Even with LTO, a compiler still has to use heuristics to determine whether or not to inline a function for every call (note it makes the decision not per function, but per call). The heuristic takes into account factors like - is it in a loop, is the loop unrolled, how big the function is, how frequently it is called globally, etc. The compiler will certainly never be able to accurately determine how frequently code is called, and whether or not the code expansion is likely to blow out the instruction/trace/loop/microcode caches of a particular CPU at compile time.
Profile Guided Optimization is supposed to be a step towards addressing this, but if you've ever tried it, you are likely to have noticed that you can get a swing in performance in the order of 0-2%, and it can be in either direction! :-) It's still a work in progress.
If performance is your ultimate goal, and you really know what you are doing, and really do a thorough analysis of your code, what one really needs is a way to tell the compiler to inline or not inline on a per-call basis, not a per-function hint. In practice I have managed this by using compiler specific "force_no_inline" type hints for cases I don't want inlining, and a separate "force_inline" copy (or macro in the rare case this fails) of the function for when I want it inlined. If anyone knows how to do this in a cleaner way with compiler specific hints (for any C/C++ compilers), please let me know.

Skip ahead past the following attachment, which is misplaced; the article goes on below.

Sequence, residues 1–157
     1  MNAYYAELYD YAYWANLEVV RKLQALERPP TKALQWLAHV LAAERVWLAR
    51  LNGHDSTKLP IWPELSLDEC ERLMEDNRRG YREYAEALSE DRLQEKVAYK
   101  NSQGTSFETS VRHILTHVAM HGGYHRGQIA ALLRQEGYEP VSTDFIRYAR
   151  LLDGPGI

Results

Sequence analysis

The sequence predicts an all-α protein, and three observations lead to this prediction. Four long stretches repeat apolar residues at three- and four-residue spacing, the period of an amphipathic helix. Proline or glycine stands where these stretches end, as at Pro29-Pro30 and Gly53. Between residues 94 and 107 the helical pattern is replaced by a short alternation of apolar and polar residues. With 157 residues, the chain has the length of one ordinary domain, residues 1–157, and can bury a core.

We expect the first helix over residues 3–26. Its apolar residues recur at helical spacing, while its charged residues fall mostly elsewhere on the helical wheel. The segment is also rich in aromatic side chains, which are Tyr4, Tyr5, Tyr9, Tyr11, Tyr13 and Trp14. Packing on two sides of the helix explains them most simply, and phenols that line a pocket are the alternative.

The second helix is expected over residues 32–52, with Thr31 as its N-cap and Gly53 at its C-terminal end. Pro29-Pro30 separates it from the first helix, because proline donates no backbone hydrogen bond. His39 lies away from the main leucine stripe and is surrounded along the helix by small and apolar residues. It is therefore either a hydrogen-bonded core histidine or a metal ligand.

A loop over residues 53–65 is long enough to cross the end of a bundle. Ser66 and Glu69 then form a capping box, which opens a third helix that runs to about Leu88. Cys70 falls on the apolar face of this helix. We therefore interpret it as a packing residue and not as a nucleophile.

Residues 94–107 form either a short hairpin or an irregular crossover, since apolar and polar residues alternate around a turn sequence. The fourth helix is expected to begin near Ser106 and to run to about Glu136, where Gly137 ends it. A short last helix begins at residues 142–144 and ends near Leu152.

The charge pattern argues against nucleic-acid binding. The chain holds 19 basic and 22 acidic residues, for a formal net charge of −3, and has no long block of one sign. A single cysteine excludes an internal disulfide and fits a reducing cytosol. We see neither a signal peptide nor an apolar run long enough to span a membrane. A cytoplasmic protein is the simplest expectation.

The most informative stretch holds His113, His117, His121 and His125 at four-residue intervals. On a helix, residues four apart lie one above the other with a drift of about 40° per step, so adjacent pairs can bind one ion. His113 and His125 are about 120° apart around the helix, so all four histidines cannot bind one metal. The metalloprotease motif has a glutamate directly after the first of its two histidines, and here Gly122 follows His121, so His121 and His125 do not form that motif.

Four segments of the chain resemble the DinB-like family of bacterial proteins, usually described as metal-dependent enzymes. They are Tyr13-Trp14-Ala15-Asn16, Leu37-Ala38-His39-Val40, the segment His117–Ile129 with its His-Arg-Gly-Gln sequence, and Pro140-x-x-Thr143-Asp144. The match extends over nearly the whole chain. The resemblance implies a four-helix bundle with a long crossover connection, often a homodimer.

To specifically address your points:
1.The code becomes less succinct and somewhat less maintainable.
Generally, no - it's just a keyword hint that controls how it is inlined. However if you jump through hoops like I described in the last paragraph, then yes.
2.Sometimes, inlining can greatly increase run-time performance.
When leaving the compiler to its own devices - yes, it certainly can, but mostly doesn't. The compiler has good heuristics that make good although not always optimal inlining decisions. Specificially for the keyword, compilers may totally ignore the keyword, or use to keyword as a weak hint - in general they do seem adverse to inlining code that red flags their heuristics (like inlining a 16k function into a loop unrolled 16x).
3.Inlining is decided at a fixed point in time, maybe without a terribly good foreknowledge of its uses, or without considering all (future) surrounding circumstances.
Yes, it uses static analysis. Dynamic analysis can come from your insight and you manually controlling inlining on a per-call basis, or theoretically from PGO (which still sucks).